The Scottish and UK governments are back round the table over stalled talks to develop ports with special tax status.
Discussions collapsed last year between the two governments after the SNP-Green administration at Holyrood said it wanted to pursue its own “green ports” plan.
Scottish Secretary Alister Jack had been unwilling to consider so-called “red line” requests from the Scottish Government, including payment of the real living wage.
But SNP Trade Minister Ivan McKee revealed to MSPs on Wednesday that “positive” discussions” have taken place over the last fortnight.
He promised further details on the “joint approach” in the “very near future” but said UK counterparts have “returned to the table on the basis of our requirements”.
However, a UK Government source stressed it was “wrong to suggest” the UK Government has changed its position on key criteria.
Aberdeen, Peterhead, Cromarty Firth and Dundee are among the port authorities vying for freeport status, which gives sites the ability to defer tax until products are moved on.
Nicola Sturgeon faced calls to intervene last year following the decision to drop out of the UK-wide talks, after Westminster failed to budge on the “red lines”.
Conservatives in Aberdeen warned the north-east could miss out a major jobs boost.
Speaking in the Scottish Parliament on Wednesday, Mr McKee said both governments were back working together on a “joint approach that will deliver a package of reserved and devolved incentives to Scottish ports that apply to be greenports”.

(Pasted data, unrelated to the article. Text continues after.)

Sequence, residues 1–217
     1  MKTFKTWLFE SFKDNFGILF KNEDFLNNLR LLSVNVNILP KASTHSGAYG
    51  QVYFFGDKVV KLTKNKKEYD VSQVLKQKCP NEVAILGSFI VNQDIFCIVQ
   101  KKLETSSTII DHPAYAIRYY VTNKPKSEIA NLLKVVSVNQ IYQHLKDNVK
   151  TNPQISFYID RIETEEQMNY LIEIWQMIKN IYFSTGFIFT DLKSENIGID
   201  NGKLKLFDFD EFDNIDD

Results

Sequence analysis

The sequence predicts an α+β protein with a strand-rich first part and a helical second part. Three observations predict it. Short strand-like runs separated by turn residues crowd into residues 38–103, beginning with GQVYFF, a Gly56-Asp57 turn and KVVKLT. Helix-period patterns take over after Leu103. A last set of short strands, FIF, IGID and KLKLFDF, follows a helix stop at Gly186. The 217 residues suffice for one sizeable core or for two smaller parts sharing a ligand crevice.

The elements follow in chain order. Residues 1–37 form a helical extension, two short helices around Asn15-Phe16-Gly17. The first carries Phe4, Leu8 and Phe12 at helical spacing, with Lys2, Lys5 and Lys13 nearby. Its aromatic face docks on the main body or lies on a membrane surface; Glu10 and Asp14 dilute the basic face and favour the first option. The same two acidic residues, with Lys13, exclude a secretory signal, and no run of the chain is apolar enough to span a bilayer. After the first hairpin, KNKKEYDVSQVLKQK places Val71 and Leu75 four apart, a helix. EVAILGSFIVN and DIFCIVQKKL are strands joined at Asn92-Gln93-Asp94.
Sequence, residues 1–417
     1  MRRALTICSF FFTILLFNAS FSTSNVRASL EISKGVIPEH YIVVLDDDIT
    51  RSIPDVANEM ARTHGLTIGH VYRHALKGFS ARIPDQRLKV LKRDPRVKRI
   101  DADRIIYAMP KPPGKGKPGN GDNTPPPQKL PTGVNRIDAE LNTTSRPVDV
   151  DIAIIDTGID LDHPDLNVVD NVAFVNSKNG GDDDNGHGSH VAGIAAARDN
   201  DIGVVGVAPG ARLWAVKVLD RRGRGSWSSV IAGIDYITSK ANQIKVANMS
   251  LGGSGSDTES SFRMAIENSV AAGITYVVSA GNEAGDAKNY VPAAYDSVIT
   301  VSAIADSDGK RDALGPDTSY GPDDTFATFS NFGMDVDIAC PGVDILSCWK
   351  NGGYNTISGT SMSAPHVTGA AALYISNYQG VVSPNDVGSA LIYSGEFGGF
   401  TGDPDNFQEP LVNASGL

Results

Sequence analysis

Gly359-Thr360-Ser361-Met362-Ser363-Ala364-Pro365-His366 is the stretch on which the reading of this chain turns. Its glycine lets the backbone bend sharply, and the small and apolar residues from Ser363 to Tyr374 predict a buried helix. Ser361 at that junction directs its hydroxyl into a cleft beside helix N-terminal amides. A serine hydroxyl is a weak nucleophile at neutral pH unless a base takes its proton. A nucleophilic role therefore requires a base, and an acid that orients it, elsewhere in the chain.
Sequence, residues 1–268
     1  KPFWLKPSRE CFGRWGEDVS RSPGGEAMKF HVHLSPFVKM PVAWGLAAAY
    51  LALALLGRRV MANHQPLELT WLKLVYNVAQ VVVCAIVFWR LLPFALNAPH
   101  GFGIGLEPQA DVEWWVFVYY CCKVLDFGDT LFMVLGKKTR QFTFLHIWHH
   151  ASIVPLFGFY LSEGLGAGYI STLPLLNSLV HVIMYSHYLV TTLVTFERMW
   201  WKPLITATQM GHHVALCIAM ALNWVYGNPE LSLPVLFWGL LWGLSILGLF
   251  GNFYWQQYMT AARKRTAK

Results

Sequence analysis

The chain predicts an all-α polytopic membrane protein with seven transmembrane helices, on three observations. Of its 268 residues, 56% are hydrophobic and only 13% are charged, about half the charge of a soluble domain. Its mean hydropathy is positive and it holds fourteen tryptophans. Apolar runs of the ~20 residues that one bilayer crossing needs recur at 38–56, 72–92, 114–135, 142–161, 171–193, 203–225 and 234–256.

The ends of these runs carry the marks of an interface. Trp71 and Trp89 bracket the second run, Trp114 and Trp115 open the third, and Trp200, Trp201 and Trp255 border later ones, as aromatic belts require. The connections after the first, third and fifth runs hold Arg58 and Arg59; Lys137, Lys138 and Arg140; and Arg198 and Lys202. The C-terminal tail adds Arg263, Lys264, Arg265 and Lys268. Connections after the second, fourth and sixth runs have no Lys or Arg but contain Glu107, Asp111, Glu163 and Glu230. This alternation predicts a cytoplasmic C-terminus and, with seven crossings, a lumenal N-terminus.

He added: “Those discussions have been positive so far and we do hope to set out the way forward very soon.”
But north-east Conservative MSP, Liam Kerr accused the Scottish Government of “grievance, division and grandstanding” over the scheme.
He highlighted that eight freeport locations have already been identified in England, with two already in operation.
This includes a site in Teeside, which expects to create more than 18,000 jobs.
Mr McKee hit back at Mr Kerr for his “completely misguided and inaccurate” remarks.
He added: “The Scottish Government only heard about the details of the English freeport offer when the bid prospective was released.
“The UK Government hadn’t brought us into discussions on that earlier. We were very clear we will not do something that takes part in a race to the bottom.”
He continued: “We negotiated over the course of the last year in good faith with the UK Government.
“But they made it very clear they were not willing to engage in a process whereby payment of the real living wage was a part of the requirement and where net zero requirements were part of the offer.
“They have since returned to the table on the basis of our requirements and as a consequence we are moving forward with those discussions.”
‘We remain extremely hopeful’
A UK Government source said: “We are continuing to discuss freeports with the Scottish Government and remain extremely hopeful we will be able to work together to deliver the full benefits of this UK-wide scheme which has enormous potential to boost the economy and create high quality jobs.
“We recognise the Scottish Government has moved a long way from its initial outright hostility to freeports and we give credit to Finance Secretary Kate Forbes, who has been negotiating with us, for keeping an open mind.
“However, Ivan McKee is wrong to suggest the UK Government has changed its position on the criteria that would be considered as part of the bidding process to become a freeport.”
More on freeports:
- John Swinney blames UK Government for ‘obstacle’ around freeports plan
- UK Government freeports plan ‘underwhelming’ for Scotland
- Nicola Sturgeon told to intervene over north-east ‘freeport’ job fears
- Michael Gove told Aberdeen ‘wants to work’ with UK Government to secure freeport status